The Qualities of a Citizen traces the application of U.S. immigration and naturalization law to women from the 1870s to the late 1960s. Like no other book before, it explores how racialized, gendered, and historical anxieties shaped our current understandings of the histories of immigrant women. The book takes us from the first federal immigration restrictions against Asian prostitutes in the 1870s to the immigration "reform" measures of the late 1960s. Throughout this period, topics such as morality, family, marriage, poverty, and nationality structured historical debates over women's immigration and citizenship.

At the border, women immigrants, immigration officials, social service providers, and federal judges argued the grounds on which women would be included within the nation. As interview transcripts and court documents reveal, when, where, and how women were welcomed into the country depended on their racial status, their roles in the family, and their work skills. Gender and race mattered.

The book emphasizes the comparative nature of racial ideologies in which the inclusion of one group often came with the exclusion of another. It explores how U.S. officials insisted on the link between race and gender in understanding America's peculiar brand of nationalism. It also serves as a social history of the law, detailing women's experiences and strategies, successes and failures, to belong to the nation.

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The Judge in a Democracy by Aharon Barak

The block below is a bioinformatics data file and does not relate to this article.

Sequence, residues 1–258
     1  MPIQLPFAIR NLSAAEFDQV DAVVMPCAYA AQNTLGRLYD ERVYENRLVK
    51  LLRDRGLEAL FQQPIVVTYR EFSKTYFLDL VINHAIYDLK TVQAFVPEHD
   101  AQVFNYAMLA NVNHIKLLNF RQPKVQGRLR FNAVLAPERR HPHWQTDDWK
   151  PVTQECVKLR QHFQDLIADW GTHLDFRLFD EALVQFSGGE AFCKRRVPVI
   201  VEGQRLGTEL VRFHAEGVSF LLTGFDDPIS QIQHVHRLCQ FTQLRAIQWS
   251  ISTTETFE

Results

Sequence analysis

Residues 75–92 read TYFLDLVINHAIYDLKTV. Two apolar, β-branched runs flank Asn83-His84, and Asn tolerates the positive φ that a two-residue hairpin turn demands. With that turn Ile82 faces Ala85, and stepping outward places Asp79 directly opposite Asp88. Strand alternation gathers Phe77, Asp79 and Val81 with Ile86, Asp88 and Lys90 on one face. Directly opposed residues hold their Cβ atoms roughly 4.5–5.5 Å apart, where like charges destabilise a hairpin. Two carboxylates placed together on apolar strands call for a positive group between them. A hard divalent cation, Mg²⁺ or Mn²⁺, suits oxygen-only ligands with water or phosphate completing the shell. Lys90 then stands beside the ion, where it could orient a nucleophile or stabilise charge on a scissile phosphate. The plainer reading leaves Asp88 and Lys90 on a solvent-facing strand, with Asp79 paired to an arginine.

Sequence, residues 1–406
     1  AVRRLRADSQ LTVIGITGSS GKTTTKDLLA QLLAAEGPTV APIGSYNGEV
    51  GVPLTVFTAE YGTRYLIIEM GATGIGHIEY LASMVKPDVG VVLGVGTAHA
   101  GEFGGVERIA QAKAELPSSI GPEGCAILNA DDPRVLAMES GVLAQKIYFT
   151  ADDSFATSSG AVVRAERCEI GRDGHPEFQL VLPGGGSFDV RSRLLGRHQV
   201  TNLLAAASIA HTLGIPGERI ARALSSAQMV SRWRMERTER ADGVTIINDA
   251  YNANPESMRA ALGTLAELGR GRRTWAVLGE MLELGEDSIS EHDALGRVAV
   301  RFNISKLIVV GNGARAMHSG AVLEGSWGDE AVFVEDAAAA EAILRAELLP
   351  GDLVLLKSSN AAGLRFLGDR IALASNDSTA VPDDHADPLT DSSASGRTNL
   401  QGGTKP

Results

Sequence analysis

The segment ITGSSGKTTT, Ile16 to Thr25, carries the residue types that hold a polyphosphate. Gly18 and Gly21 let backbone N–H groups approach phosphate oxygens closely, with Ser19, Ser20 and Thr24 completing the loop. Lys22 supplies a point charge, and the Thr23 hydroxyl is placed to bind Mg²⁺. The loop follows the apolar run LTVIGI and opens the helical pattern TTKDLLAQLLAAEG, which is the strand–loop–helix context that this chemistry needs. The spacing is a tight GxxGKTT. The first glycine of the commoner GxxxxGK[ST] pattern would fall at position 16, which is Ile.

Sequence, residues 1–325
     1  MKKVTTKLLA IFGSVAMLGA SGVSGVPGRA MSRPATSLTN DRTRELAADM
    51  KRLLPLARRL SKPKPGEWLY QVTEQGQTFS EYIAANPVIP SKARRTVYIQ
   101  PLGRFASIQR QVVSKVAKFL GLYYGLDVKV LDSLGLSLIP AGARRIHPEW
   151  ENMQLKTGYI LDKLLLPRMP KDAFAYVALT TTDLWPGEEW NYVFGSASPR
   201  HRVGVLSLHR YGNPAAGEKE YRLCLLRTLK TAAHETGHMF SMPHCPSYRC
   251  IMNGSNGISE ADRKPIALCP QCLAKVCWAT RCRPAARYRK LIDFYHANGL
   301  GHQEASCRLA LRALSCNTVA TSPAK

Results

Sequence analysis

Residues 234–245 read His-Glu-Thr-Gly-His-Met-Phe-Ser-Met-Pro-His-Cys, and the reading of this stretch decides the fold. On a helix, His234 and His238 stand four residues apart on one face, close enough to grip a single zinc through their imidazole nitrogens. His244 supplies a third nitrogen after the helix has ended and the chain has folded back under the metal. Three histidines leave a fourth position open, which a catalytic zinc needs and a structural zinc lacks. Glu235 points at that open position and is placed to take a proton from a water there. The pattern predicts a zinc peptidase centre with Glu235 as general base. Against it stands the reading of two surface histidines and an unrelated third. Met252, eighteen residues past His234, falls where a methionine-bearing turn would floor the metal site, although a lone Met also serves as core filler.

Princeton, N.J. : Princeton University Press, c2006
K2146 .B3713 2006 Balcony

Whether examining election outcomes, the legal status of terrorism suspects, or if (or how) people can be sentenced to death, a judge in a modern democracy assumes a role that raises some of the most contentious political issues of our day. But do judges even have a role beyond deciding the disputes before them under law? What are the criteria for judging the justices who write opinions for the United States Supreme Court or constitutional courts in other democracies? These are the questions that one of the world's foremost judges and legal theorists, Aharon Barak, poses in this book.

In fluent prose, Barak sets forth a powerful vision of the role of the judge. He argues that this role comprises two central elements beyond dispute resolution: bridging the gap between the law and society, and protecting the constitution and democracy. The former involves balancing the need to adapt the law to social change against the need for stability; the latter, judges' ultimate accountability, not to public opinion or to politicians, but to the "internal morality" of democracy.

Barak's vigorous support of "purposive interpretation" (interpreting legal texts--for example, statutes and constitutions--in light of their purpose) contrasts sharply with the influential "originalism" advocated by U.S. Supreme Court Justice Antonin Scalia.

As he explores these questions, Barak also traces how supreme courts in major democracies have evolved since World War II, and he guides us through many of his own decisions to show how he has tried to put these principles into action, even under the burden of judging on terrorism.